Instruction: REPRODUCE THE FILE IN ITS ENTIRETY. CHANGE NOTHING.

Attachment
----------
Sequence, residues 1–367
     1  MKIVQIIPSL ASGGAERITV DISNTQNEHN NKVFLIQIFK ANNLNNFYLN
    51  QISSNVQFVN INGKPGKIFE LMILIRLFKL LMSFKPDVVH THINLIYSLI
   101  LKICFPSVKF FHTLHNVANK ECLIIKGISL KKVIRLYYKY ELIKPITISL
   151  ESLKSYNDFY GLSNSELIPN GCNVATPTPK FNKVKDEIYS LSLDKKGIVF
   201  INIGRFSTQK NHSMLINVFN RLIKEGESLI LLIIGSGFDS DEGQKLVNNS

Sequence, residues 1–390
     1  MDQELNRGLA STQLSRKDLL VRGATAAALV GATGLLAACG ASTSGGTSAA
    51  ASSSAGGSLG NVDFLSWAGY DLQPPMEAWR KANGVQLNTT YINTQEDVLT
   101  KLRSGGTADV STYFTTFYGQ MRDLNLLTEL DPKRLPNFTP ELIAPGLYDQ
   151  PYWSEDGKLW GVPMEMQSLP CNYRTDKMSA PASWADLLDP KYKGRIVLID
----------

Sequence, residues 1–367
     1  MKIVQIIPSL ASGGAERITV DISNTQNEHN NKVFLIQIFK ANNLNNFYLN
    51  QISSNVQFVN INGKPGKIFE LMILIRLFKL LMSFKPDVVH THINLIYSLI
   101  LKICFPSVKF FHTLHNVANK ECLIIKGISL KKVIRLYYKY ELIKPITISL
   151  ESLKSYNDFY GLSNSELIPN GCNVATPTPK FNKVKDEIYS LSLDKKGIVF
   201  INIGRFSTQK NHSMLINVFN RLIKEGESLI LLIIGSGFDS DEGQKLVNNS

Sequence, residues 1–390
     1  MDQELNRGLA STQLSRKDLL VRGATAAALV GATGLLAACG ASTSGGTSAA
    51  ASSSAGGSLG NVDFLSWAGY DLQPPMEAWR KANGVQLNTT YINTQEDVLT
   101  KLRSGGTADV STYFTTFYGQ MRDLNLLTEL DPKRLPNFTP ELIAPGLYDQ
   151  PYWSEDGKLW GVPMEMQSLP CNYRTDKMSA PASWADLLDP KYKGRIVLID